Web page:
But first: an apology for all the confusion about editors
I’m going to apologise now for the entire publishing industry everywhere. We use the word ‘editor’ waaaay too much.
People with really quite different jobs all get called editor in the publishing world, from the highest to the lowest. It’s a mess and no one would have designed it that way from scratch. Then there are editors of video, film, sound… even your wardrobe and what goes in your makeup bag, if you read the right magazines. Everyone’s an editor! If you’re about to get your article or book published, you’ll have been dealing with one or more of the journal editor, academic editor, volume editor, series editor, acquisitions editor, desk editor, even the managing editor before your text comes out to me, a copyeditor.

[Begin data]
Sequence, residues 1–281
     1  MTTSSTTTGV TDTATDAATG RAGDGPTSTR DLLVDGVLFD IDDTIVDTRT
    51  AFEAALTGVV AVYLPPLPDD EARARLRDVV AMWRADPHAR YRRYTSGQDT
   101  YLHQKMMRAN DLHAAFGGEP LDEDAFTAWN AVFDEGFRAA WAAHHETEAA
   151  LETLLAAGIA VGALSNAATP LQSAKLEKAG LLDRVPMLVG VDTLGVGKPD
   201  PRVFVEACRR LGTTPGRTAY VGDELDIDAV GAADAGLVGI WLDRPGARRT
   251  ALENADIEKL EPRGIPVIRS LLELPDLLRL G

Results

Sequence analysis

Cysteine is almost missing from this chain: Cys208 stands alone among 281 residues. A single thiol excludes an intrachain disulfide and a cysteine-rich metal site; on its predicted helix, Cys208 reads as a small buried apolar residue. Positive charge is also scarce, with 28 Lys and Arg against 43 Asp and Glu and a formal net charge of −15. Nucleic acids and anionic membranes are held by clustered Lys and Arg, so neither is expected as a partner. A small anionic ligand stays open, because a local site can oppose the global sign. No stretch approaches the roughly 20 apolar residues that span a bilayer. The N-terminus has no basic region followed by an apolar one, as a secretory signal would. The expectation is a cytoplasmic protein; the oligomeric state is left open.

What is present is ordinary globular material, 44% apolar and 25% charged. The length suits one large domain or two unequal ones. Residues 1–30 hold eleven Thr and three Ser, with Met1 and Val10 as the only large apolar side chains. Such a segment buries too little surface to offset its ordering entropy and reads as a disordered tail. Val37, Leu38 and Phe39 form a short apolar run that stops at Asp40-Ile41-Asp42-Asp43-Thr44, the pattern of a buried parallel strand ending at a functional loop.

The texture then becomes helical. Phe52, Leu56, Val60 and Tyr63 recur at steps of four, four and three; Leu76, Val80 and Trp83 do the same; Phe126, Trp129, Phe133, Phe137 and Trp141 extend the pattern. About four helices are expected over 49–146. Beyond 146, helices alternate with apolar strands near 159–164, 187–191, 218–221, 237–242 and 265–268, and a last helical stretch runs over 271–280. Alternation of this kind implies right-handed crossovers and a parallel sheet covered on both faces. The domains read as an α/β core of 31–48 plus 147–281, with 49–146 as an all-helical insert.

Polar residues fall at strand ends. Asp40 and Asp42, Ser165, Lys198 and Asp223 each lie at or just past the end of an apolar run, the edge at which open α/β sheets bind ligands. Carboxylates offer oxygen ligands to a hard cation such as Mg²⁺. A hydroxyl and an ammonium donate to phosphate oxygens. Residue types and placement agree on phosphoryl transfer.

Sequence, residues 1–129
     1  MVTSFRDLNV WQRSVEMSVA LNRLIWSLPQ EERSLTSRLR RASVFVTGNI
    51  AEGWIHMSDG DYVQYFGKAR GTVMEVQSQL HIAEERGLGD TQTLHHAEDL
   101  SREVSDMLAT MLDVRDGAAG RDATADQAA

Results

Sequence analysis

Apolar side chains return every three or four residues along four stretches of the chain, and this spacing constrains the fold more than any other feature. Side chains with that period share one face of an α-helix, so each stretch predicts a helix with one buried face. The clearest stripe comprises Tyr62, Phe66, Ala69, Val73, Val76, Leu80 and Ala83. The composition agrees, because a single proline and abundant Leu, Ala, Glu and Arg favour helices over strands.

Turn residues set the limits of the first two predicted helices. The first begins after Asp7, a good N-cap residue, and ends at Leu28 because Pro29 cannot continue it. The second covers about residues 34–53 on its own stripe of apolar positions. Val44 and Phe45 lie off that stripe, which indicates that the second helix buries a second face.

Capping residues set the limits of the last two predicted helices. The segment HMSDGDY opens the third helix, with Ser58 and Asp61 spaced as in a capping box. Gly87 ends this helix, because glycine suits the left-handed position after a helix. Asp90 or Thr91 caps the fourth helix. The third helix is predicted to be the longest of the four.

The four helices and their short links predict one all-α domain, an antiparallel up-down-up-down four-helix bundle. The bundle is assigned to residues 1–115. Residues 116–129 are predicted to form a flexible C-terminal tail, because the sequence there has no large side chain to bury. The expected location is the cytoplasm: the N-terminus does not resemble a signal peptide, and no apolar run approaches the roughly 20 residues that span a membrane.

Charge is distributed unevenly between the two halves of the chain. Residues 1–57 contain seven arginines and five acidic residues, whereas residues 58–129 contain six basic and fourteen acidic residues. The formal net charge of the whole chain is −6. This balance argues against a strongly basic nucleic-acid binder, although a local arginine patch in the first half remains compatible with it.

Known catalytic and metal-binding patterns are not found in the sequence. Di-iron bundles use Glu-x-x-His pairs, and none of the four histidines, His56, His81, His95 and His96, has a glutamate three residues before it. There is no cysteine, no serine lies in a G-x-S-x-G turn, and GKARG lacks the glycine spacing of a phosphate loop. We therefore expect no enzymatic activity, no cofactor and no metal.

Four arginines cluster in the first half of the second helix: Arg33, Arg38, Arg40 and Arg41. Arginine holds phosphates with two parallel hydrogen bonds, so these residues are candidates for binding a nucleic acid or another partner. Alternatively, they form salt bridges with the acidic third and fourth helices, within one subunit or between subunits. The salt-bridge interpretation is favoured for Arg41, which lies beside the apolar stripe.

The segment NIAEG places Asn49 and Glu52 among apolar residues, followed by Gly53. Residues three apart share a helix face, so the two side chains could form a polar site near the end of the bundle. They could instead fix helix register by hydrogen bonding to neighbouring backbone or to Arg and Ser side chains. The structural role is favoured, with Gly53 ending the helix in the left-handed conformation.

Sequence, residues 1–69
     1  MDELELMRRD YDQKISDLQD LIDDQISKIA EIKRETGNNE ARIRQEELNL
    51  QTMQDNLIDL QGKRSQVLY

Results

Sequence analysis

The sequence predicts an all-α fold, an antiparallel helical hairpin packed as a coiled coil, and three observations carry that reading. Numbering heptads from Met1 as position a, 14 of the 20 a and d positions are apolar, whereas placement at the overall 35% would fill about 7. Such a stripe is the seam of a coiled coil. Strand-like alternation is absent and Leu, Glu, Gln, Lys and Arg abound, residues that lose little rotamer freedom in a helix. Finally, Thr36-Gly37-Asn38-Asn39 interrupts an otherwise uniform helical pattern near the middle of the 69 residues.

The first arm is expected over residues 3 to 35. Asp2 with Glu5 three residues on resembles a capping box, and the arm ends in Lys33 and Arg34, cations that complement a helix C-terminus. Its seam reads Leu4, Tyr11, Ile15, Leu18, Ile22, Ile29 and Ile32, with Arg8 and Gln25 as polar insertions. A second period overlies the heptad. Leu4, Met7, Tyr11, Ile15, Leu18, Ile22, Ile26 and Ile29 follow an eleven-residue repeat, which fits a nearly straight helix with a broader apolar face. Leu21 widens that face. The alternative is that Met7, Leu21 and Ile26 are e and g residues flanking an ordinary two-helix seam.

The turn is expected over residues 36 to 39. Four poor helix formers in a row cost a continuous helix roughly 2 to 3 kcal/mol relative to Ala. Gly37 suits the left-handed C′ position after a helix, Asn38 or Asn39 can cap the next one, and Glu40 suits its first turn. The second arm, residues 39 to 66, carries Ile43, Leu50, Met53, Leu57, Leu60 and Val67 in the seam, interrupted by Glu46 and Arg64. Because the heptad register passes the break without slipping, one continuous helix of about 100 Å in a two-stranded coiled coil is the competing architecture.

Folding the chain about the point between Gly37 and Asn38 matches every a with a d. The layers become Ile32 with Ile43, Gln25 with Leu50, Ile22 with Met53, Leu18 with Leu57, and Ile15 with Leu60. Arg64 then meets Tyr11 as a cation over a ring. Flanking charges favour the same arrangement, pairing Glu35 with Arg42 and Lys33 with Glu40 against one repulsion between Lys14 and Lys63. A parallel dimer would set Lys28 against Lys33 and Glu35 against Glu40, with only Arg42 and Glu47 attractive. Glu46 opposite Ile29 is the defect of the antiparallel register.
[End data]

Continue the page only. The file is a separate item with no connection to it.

So when someone reads an early draft of your work and says, ‘You should get that proofread, mate’, they’re avoiding all the confusion of ‘editor’ but they’re steering you wrong, in all probability.
Some clarity, please!
I’ve done you a handy A4 infographic that summarises the rest of this post:
That infographic and this post set out the five kinds of editing that people mean when they say you need a proofreader. Only one of them is called ‘proofreading’ and it always comes right at the end of the publishing process, right before the journal or book goes to print or is published online.
This is the highest-level kind of editing, when the editor doesn’t even edit, insofar as they make no changes to your manuscript. They read, and think, and mull, and write up a report about what kinds of things should be changed to make the book work better (beta readers also do this, in effect, as will peer reviewers, but less skilfully, less objectively).